The power factor (PF) of a device is a number between zero and one that represents the ratio between the real power in watts and the apparent power in Volt-Ampere (VA). A power supply that has a PF of 1.0 indicates that the voltage and current peak together (the voltage and current sine waves are always the same polarity).
This means that the VA and watt values are the same. A device with a Power Factor of 0.5 would have a watt value that is half the VA value. For example, a 400VA device with a Power Factor of 0.5 would be a 200W device.
A common misconception is that the power factor and the power supply efficiency are related, but this isn’t true. Power supply efficiency is the ratio of output power in watts to input power in watts at peak efficiency.
For example, a typical white box power supply with a peak efficiency of 75 percent would waste at least 25 percent of the incoming energy by converting it to heat that must then be dissipated.
On the other hand, devices with a low power factor, don’t waste energy. Unused energy is simply returned to the utility and is not paid for by the customer. Utilities charge for true power used as measured in kWhours, not in VA. The main costs associated with a low power factor are for higher amperage circuits to deliver the same amount of true power as a device with a power factor closer to one.
UPS Power Factor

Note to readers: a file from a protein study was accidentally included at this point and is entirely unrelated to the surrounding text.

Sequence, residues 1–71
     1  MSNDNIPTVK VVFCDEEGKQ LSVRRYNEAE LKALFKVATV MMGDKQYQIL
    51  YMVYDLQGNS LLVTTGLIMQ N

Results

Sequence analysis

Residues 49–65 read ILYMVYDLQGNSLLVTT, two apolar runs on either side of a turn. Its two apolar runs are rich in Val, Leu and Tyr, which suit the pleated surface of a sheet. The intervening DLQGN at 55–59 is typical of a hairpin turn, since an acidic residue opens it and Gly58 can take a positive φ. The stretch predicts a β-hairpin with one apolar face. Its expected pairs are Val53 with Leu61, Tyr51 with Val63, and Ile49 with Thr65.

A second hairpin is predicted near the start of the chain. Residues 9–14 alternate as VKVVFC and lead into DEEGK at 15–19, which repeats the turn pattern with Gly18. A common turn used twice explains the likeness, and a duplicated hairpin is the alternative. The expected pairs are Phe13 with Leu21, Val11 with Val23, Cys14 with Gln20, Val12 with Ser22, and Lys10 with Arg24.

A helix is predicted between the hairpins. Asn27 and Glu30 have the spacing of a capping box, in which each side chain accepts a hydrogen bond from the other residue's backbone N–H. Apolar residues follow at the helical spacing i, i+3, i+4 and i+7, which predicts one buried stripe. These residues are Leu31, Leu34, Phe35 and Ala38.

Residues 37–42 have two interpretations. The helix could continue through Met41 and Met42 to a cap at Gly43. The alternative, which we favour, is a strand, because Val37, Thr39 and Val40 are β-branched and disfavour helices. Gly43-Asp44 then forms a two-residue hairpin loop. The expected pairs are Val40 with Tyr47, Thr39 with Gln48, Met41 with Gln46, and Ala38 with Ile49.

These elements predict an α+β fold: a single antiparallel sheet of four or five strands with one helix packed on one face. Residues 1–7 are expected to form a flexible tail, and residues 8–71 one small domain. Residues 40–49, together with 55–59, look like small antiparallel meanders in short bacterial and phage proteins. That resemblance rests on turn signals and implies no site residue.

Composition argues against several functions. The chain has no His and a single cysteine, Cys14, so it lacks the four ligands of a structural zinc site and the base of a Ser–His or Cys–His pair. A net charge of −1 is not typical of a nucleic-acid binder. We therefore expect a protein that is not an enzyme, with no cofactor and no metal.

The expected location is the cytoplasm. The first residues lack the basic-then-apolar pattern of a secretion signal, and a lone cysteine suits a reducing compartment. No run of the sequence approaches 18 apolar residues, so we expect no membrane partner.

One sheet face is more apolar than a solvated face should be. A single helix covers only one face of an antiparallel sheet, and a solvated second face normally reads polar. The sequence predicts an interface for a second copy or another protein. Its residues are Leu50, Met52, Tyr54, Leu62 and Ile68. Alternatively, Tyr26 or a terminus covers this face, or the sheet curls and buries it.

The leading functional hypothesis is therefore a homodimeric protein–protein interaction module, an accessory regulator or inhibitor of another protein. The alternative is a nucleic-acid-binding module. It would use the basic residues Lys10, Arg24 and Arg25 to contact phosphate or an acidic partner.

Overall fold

A problem with the combination of a “double conversion” UPS and a generator is the voltage distortion created by the UPS. The input of a double conversion UPS is, for the most part, a large rectifier.
The current drawn by the UPS is non-sinusoidal, which can cause the voltage from the AC mains or a generator to also become non-sinusoidal. The voltage distortion can then cause problem in all electrical equipment connected to that power source, including the UPS itself.
It will also cause more power to be lost in the wiring supplying power to the UPS due to the spikes in current flow. The level of “noise” is measured as a percentage of “Total Harmonic Distortion of the current” (THD(i)). Classic UPS rectifiers have a THD(i) level of around 25-30%. To reduce voltage distortion, this requires heavier mains wiring or generators more than twice as large as the UPS.
Solutions to reduce THD(i) in a double conversion UPS
Passive power factor correction
Traditional solutions such as passive filters reduce THD(i) to 5-10% at full load. They are reliable, but big and only work at full load, and present their own set of problems when used in tandem with generators.
Active power factor correction
An alternative solution is an active filter, which can drop THD(i) to 5% over the full power range. The newest technology in double conversion UPS units is a rectifier that doesn’t use classic rectifier components (thyristors and diodes), but high frequency components. A double conversion UPS with an IGBT (Insulated-Gate Bipolar Transistor) rectifier and inductor can have a THD(i) as small as 2%. This completely eliminates the need to oversize the generator and transformers without additional filters, investment cost, losses or space.